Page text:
The Court says not merely ‘yes’ or ‘no’ to development. It figures out the conditions on which development and community planning should proceed; quite often, it assists parties in doing so for themselves, through mediated hearings and case management.

“A very small fraction of 1% of Council decisions (on planning instruments and resource consents)” will require the Court to have a hearing, according to the RMLA, and they also confirm what NGO users of the Court already knew:

“The Court’s sophisticated systems for case management and dispute resolution has frequently resulted in the settlement of appeals or the significant narrowing of issues where the parties had reached intractable positions at the end of the Council hearing process.”


“Only about 1.5% of Council decisions are appealed to the Environment Court. Of those, only around 15% actually require hearing time. The rest settle through application of case management, alternative dispute resolution and related techniques as employed by the Environment Court very successfully, and increasingly so.”

It works.

What is at stake here is the "effective loss of a highly valued specialist Court institution that is the ‘envy’ of many other countries".

Not to mention the fact that we're going to need it, to help figure out the dumb law about to be made.

“The legacy of the specialist and distinctive role of the Environment Court to date is that the Environment Court bench has developed a pedigree of expertise in evaluating expert opinion, predictive decision making, and as to the requirements of sustainable management generally, over now two decades since the RMA came into force. Indeed, the Court has spawned a substantial body of case law; establishing invaluable guidance over a complex statute that is routinely applied by Councils in making decisions and developing planning instruments. With significant reform to Part 2 of RMA clearly signalled, the importance of the Court’s function in providing such guidance would be renewed.”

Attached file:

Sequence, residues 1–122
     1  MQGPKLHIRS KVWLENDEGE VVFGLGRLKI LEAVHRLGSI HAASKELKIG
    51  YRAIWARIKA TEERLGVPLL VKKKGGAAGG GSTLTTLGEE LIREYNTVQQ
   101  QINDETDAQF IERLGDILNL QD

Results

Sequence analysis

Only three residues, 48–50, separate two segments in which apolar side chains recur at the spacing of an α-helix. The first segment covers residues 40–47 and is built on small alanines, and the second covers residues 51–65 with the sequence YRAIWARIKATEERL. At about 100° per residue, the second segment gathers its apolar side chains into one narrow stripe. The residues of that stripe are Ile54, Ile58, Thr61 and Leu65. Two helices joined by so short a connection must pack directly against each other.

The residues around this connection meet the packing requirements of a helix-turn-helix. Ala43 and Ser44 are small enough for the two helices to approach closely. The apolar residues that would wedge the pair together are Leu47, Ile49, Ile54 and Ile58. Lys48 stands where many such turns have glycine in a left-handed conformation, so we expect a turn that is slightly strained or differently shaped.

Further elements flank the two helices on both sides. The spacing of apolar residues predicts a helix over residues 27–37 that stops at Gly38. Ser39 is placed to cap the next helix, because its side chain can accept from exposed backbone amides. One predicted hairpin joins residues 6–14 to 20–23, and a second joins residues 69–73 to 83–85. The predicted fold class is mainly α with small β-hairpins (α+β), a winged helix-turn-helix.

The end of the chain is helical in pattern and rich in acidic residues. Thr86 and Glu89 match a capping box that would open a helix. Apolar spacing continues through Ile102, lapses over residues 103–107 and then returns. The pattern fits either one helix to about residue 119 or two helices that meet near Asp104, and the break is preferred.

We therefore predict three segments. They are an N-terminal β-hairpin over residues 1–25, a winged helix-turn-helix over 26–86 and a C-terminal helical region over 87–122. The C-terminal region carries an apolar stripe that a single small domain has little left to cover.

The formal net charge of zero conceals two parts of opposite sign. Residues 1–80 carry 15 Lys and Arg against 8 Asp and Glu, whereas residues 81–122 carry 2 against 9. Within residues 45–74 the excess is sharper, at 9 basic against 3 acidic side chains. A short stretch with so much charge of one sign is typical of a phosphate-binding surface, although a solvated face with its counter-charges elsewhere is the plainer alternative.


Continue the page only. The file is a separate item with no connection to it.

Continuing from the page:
Along with other independent decision-makers (the EPA, in the case of Marlborough’s salmon farms), the Court has been under not-so-subtle political pressure.

The Prime Minister opening Bathurst Resources’ new Wellington office; comments, in breach of the sub judice rule, by Economic Development Minister Stephen Joyce; the Minister of Conservation, ostentatiously granting access to Bathurst two weeks before appeal decisions were due.

The RMLA describes how, in 2009, the EPA displaced the Environment Court function for all major infrastructure and large scale development projects; followed by Acts and Bills removing or limiting Environment Court appeal rights and altering appeal processes; including a change now proposed from ‘appeals de novo’ to ‘by way of rehearing’.